Who invented Lacrosse anyway?


When is it ok to just say that things kind of suck and are not going the way you wanted them to go?  Or, do we have to look on the bright side all the time?

Take the whole cerebral palsy thing.  It turns out, as Max’s new psychologist seems to think, we have spent too much time making Max think that everything is ok when in fact it blows.  Having CP sucks and there comes a time in your life when you have to accept what you can’t and will never do and grieve for it.  Stupid us, we thought we were supposed to boost him up and make him think he can do anything.  Apparently, that backfired and he actually thinks he CAN do anything.  Later, or now, when he realizes he can’t he is going to be pissed off… and it will probably be at me, the guilty jewish mother that I am.

So, the thing is – a kid with CP has to be positive enough to not give up on anything, but resigned enough to accept what he can’t do.  How on earth is that possible?  As if life weren’t hard enough for a left-handed boy with CP, he has to manage to be hopeful AND hopeless at the same time.

Poor Max – I fear he is too capable to be a successful disabled person.  He can do so many things and do them well enough for everyone, including himself,  to think that he is “regular.” The problem is that no one, not even us, realizes the toll it takes being so capable all the time.  When the fact that Max has a significant disability rears its head, as it does at various intervals every year, it kind of takes us by surprise. I get that painful epiphany, usually while driving somewhere, that the CP is angry and wants some attention. It is like a jealous ex-boyfriend.  As soon as it hears us getting cozy without it, it starts coming around again.

Max has been sick – sick – sick – all winter.  He is weaker and more fragile than he has been in long time.  He is bummed out, stressed out, tired, miserable and a lot of the time his body just hurts. He is lonely and bored and tired of playing the same old games.  He is sick and tired of being sick and tired. None of this would be unusual if he were 82, but he is 10.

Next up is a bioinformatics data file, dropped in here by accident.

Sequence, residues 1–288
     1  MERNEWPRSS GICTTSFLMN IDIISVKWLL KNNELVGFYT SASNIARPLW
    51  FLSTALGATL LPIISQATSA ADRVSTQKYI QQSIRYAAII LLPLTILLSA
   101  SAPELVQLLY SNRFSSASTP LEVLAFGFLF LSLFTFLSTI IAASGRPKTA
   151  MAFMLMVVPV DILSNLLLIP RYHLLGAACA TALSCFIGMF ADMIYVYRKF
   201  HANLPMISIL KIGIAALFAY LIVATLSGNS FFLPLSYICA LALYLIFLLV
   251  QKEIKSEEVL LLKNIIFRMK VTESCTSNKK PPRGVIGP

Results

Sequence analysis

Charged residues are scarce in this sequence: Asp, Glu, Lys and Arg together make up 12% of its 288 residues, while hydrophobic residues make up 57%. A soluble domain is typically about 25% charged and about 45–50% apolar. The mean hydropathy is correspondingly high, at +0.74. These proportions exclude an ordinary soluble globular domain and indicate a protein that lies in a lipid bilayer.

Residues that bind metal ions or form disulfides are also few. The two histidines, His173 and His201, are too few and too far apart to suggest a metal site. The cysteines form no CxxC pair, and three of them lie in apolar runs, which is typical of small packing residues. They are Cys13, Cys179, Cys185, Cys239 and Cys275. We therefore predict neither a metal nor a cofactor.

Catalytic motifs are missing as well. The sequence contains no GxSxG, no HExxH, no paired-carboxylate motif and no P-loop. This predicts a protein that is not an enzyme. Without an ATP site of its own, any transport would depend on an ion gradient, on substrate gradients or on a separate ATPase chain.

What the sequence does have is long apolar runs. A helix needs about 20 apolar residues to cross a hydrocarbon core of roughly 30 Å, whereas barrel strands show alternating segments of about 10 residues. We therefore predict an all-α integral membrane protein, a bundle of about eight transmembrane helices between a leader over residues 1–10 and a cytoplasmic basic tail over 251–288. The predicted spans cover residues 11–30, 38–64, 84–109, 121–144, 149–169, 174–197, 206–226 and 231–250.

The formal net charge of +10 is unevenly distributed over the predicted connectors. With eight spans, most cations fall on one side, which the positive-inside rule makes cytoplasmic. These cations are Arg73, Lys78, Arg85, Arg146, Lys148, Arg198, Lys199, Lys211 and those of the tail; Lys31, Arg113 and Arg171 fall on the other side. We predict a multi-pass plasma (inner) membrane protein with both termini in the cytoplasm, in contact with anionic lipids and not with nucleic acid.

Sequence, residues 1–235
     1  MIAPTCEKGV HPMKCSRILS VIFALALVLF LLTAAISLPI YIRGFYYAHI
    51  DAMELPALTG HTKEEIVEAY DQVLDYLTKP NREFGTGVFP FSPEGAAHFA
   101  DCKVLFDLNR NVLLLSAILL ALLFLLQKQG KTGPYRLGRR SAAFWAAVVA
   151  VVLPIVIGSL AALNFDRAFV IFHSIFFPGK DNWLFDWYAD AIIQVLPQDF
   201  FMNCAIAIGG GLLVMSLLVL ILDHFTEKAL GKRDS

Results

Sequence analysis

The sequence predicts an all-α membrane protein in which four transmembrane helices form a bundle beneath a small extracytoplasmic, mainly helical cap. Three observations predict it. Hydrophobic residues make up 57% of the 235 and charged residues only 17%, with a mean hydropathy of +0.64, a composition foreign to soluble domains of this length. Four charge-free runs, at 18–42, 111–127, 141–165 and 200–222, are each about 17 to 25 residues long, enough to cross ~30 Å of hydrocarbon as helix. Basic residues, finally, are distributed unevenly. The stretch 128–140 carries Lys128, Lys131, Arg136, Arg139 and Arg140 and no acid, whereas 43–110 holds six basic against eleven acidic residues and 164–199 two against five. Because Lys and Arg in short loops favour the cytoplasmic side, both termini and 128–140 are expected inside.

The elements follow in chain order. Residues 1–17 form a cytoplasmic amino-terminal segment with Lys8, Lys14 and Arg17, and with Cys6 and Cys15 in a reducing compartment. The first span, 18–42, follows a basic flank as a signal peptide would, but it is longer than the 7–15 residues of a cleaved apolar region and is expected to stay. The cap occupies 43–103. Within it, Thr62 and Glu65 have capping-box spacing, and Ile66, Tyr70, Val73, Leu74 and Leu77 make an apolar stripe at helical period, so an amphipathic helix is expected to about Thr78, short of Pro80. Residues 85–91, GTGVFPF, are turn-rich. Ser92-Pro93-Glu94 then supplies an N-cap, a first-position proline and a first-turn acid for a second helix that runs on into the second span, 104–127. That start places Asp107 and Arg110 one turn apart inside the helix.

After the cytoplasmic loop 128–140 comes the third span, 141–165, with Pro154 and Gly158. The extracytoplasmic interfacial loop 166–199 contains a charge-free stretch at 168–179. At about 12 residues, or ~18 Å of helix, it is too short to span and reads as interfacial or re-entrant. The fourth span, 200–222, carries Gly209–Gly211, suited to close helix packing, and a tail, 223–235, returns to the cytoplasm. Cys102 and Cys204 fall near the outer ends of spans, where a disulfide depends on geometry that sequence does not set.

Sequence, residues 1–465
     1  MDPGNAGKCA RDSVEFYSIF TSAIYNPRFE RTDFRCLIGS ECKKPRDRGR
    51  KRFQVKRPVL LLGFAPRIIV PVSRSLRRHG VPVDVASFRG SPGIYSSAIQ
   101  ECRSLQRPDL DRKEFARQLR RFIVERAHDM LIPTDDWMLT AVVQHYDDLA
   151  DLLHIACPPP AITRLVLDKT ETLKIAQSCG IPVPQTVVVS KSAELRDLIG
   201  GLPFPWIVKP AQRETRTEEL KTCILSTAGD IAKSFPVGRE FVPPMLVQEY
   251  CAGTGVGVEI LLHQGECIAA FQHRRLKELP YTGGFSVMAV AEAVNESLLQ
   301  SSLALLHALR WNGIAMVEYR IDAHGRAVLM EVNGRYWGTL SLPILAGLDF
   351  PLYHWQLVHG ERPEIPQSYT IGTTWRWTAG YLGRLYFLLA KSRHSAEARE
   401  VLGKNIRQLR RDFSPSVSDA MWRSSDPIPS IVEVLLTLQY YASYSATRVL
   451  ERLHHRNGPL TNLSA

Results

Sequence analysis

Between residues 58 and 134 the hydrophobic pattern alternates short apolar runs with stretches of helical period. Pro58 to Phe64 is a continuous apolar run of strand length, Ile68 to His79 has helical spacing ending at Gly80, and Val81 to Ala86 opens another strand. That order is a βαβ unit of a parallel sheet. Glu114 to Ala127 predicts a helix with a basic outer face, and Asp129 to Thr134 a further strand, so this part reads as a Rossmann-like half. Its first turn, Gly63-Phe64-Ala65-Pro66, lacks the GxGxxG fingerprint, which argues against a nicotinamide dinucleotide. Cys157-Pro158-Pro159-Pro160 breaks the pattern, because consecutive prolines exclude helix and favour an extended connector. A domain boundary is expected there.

The problem is, we just never know which way to go… full speed ahead with negativity blinders on, or bury yourself under the covers and have a pity party.

Every once in a while, there is something that is just plain obvious.  Take lacrosse – being played in gym class this month –  for instance.  Who made up this game for freaks anyway?  Take a ball and catch it inside a tiny net, jiggle it and rock it like a baby making sure it doesn’t fall out, while you run, holding a giant stick in front of your face, really fas. Then somehow, at exactly the right moment, toss the ball out of the basket to someone else who is also running with a stick in front of his face who has to catch it never stopping for a minute.  Max has enough trouble just walking let alone running while carrying a giant stick with a baby ball swaddled inside.  I’m thinking that even Max realizes this will not be easy to pull off.

Truthfully, accepting that you are not going to play lacrosse or hockey (another stick problem we encountered recently) is not that complicated or important really.  However, accepting that at 10, there will be many times in your life when you are going to feel like you are 82 is not so easy. This is where the real tragedy lies.

 

 

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